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  • What’s in a Chain (pun intended): The difference between gold-plated and gold-filled chain
  • Post author
    Stacy Mikulik

What’s in a Chain (pun intended): The difference between gold-plated and gold-filled chain

What’s in a Chain (pun intended): The difference between gold-plated and gold-filled chain

One of the compliments I’ve heard over and over again since grace + hudson launched is, “It’s even prettier in person!” Why thank you, thank you! That is primarily due to the fact that I use sterling silver and 14k gold-filled chain in most of my designs. Some of you have asked what gold-filled means so here's a little guide and a few tips to keep in mind when purchasing gold jewelry.

Gold-plated vs. Gold-filled

Gold-plated chain is made of a base metal (often brass) and is dipped in gold. The layer of gold is very thin. That’s why it sometimes rubs off. Gold-plated chain typically weighs less than gold-filled chain and therefore feels lighter or “cheaper” too.

Gold-filled chain, on the other hand, has a nicer feel and weight to it because it must contain 1/20th solid gold by weight. Think of it this way, imagine cutting a necklace chain in half and looking at the the circular tube that composes the chain. If the chain is gold-filled, you’ll see a base metal at the core (such as brass) and a thick layer of gold surrounding it that is virtually impossible to penetrate. It's also generally safe to wear if you've got a mild allergy to jewelry metals (people with severe allergies should still stick to solid gold). The chain may become dirty and need to be cleaned, just like anything else worn over a lifetime, but the gold will never peel off because the layer is so thick. 

Tips to keep in mind when purchasing gold jewelry

1. Pay close attention to the item description. When shopping for jewelry online, retailers will often describe their chain as “14k gold-plated.” The tendency is to see “14k” and pass right by the “gold-plated” part and that’s exactly why retailers do it. Some retailers even price gold-plated jewelry near or above $100 even though it probably cost the equivalent of your morning coffee to make (read: never pay $100 for a piece that's entirely gold-plated).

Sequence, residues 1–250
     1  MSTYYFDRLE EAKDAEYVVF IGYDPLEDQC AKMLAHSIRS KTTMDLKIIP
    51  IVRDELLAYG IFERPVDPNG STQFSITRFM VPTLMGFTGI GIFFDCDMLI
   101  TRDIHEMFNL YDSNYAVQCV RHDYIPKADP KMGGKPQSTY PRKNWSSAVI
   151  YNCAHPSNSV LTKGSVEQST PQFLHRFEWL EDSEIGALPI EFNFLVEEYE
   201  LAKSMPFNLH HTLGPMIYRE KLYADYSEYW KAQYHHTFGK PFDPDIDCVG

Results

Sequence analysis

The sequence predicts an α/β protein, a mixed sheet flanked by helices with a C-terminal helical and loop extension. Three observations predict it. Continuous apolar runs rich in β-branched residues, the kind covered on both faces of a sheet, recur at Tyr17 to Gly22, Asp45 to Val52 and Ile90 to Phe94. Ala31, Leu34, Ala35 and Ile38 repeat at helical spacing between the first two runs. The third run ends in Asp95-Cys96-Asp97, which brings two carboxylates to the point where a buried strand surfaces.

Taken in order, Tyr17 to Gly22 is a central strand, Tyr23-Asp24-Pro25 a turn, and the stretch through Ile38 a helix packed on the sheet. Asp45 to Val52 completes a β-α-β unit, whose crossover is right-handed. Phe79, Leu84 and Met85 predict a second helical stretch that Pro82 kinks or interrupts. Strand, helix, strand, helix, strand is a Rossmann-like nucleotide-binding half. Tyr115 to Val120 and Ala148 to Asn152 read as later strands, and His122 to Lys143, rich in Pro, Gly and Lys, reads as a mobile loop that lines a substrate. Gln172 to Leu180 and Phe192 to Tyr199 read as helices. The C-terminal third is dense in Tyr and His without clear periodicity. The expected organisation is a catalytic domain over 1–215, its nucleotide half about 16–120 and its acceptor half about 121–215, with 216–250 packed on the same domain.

2. Gold-filled settings don't exist. It is impossible to set a stone in gold-fill. That’s because gold-fill only comes in tubes (i.e. chain and earring wires) and flat sheets. So if you see an item description that says “pendant set in gold-fill” or “gold-filled pendant setting” the retailer is not being honest with you. Pendants will always be in a solid gold or gold-plated setting. Unless we're talking engagement jewelry, it's okay to purchase jewelry with gold-plated pendants because pendants just aren't man-handled the way necklace chain is taken on and off every day. 

3. 24k Magic. Solid 24k gold jewelry is best if you want to wear it everywhere (sleeping, sweating, swimming, showering) for a lifetime. But the cost is extremely expensive. Even a dainty solid gold necklace will cost you north of $200 and likely much more. If that's not in your budget, gold-filled chain is the moderately-priced happy medium between gold-plated chain and expensive solid gold chain.

Happy shopping!

  • Post author
    Stacy Mikulik

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